Enemy drone attack threats are a key part of the inspiration for newer kinds of laser weapons because they can incinerate drones without generating large amounts of explosive fragmentation. Moreover, newer lasers can scale attacks to align with the target and desired combat effect and, perhaps most of all, travel at the speed of light to destroy drones quickly, ideally before they are able to strike.
Attacking drone swarms may be approaching for attack so quickly that kinetic responses such as interceptor missile fire control systems may be challenged in certain respects, depending upon the extent of artificial intelligence (AI)-enabled target recognition technology and computer automation.
The question of scaling lasers to optimize power input for counter-drone strikes is addressed in a recent essay from May of last year called “Testing the Efficiency of Laser Technology to Destroy Rogue Drones,” in the Security & Defense Quarterly from War Studies University. The essay describes innovative experimental methods of “incorporating a laser module and groups of optical lenses to focus the power in one point to carbonize any target.” Specifically, the research paper explained, a laser lens was adjusted to zero in or focus upon particular distant objects.
“We measured the necessary time to burnt acrylic plastic, wood, and hard carton from a distance of 55 metres. It was noticed that the laser efficiency is proportional to the laser power and time the cannon is turned on,” the essay writes.
In a discussion with The National Interest, Army Futures Command Commander Gen. John Murray made the point that pre-programmed or autonomous drones do indeed potentially present a uniquely difficult, first-of-its kind defensive predicament which requires tailorable solutions. Perhaps AI-enabled defenses can help discern key specifics related to an incoming drone threat and help determine the optimal countermeasure, which may in many cases be lasers.
“When you have little drones operating in different patterns and formations, all talking to each other and staying in sync with one another…imagine that with the ability to create lethal effects on the battlefield. There is no human who will be able to keep up with that,” Murray told The National Interest in an interview.
AI-capable drone defenses can already gather, pool, organize and analyze an otherwise disconnected array of threat variables, compare them against one another in relation to what kinds of defense responses might be optimal and make analytical determinations in a matter of milliseconds. As part of this, AI-empowered algorithms can analyze a host of details such as weapons range, atmospheric conditions, geographical factors and point of impact calculations all in close relation to one another as part of an integrated picture, examine and compare what has worked in specific previous circumstances and scenarios to determine the best defensive response.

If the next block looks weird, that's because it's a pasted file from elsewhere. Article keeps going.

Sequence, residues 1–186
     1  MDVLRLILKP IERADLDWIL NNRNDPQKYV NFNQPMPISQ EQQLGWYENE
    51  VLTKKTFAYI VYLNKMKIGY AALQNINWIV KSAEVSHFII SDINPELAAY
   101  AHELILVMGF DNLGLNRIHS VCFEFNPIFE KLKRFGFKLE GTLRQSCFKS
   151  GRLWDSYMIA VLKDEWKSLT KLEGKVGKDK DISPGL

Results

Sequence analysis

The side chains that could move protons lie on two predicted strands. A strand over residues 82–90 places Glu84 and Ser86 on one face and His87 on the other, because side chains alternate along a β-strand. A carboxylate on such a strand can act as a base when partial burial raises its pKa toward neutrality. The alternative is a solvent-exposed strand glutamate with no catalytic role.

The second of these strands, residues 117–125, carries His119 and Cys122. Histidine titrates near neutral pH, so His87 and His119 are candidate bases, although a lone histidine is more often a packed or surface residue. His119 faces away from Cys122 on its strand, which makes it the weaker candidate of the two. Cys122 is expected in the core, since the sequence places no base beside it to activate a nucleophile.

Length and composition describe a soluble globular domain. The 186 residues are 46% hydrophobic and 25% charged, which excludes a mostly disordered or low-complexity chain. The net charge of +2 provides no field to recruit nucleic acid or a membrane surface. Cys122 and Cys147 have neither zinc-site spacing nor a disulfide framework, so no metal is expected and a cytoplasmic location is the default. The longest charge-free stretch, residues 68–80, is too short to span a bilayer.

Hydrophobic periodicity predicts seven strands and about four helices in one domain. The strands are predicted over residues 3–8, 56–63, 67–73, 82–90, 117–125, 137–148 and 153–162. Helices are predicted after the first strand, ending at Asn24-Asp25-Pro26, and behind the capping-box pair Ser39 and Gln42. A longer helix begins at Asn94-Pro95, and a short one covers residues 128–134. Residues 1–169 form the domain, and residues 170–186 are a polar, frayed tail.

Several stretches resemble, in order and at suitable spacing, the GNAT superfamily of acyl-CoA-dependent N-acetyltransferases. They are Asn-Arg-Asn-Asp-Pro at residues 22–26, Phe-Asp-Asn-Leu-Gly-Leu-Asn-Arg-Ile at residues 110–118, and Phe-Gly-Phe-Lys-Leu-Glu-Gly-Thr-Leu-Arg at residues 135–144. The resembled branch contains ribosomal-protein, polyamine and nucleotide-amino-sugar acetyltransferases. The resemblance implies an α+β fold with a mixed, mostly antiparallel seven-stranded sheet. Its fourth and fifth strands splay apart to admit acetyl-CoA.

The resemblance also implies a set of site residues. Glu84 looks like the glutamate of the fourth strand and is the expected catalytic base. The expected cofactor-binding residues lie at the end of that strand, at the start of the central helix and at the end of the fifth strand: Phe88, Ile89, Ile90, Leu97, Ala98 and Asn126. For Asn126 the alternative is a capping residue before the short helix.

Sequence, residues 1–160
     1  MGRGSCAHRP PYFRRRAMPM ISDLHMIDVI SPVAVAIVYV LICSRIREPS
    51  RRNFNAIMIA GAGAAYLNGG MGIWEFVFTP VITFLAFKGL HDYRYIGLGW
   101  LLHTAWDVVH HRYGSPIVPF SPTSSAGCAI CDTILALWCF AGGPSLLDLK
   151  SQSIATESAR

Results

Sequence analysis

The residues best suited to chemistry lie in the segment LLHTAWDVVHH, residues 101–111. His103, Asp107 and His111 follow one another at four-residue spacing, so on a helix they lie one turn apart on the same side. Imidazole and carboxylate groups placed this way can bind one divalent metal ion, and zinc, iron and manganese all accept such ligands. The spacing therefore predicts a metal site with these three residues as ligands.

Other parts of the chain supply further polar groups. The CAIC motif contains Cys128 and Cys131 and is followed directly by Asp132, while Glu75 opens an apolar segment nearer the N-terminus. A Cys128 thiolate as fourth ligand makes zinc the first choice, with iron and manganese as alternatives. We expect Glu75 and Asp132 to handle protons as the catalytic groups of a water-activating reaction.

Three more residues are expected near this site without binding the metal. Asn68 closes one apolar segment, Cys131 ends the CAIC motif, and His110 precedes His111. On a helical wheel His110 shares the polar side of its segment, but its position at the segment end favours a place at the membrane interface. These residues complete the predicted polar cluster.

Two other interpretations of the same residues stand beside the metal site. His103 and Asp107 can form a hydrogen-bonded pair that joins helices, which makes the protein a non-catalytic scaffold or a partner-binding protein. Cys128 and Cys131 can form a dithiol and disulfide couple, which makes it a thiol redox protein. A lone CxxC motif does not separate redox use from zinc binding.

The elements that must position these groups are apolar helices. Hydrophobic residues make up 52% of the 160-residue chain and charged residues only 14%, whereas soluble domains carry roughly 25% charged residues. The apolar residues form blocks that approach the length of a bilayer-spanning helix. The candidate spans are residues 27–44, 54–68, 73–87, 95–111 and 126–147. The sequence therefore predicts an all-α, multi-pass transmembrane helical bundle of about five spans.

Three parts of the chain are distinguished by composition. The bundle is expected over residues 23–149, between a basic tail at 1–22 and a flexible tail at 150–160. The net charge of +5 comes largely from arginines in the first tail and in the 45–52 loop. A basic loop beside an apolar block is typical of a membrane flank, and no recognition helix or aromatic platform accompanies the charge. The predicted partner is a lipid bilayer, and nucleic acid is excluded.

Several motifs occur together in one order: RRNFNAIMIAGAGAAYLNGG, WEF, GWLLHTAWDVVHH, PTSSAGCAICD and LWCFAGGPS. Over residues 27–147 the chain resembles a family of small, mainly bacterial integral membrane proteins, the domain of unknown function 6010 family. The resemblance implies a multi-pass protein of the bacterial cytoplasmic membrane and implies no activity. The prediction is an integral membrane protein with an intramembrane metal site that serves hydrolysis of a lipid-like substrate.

Added power to a laser weapon includes the ability to decrease processing time for any kind of kill chain or sensor-to-shooter cycle. While elements of this process can be shortened through the use of AI-empowered computers and automation, doubling the power output from 10kw would likely reduce the kill time from approximately five seconds to two-to-three seconds, Evan Hunt, Director of Business Development for High Energy Lasers and c-UAS, Raytheon, told The National Interest in an interview.
“The laser is a solution with high efficiency that can ruin or intercept autonomously programmed drones, as this cannot be achieved in the same way by the RF jammer or any other solutions,” the War Studies University essay explains.
There are a number of current, high-profile laser weapons development efforts underway including Air Force initiatives to fire lasers from stealth fighter jets, Navy integration of large, powerful lasers onto destroyers and even Missile Defense Agency work on “power scaling” sufficient to use lasers for ballistic missile defense.
Nonetheless, one thing Murray stressed was that, while lasers can offer lower-cost, scalable and highly-efficient weapons systems, they can experience what’s called “beam attenuation” and weaken in certain weather conditions.
“One thing about lasers is they are never going to be the sole solution, because of atmospherics- weather – so you are always going to have some mix of gun, missile and lasers, I think,” Murray explained.
Kris Osborn is the defense editor for the National Interest. Osborn previously served at the Pentagon as a Highly Qualified Expert with the Office of the Assistant Secretary of the Army—Acquisition, Logistics & Technology. Osborn has also worked as an anchor and on-air military specialist at national TV networks. He has appeared as a guest military expert on Fox News, MSNBC, The Military Channel, and The History Channel. He also has a Master’s Degree in Comparative Literature from Columbia University.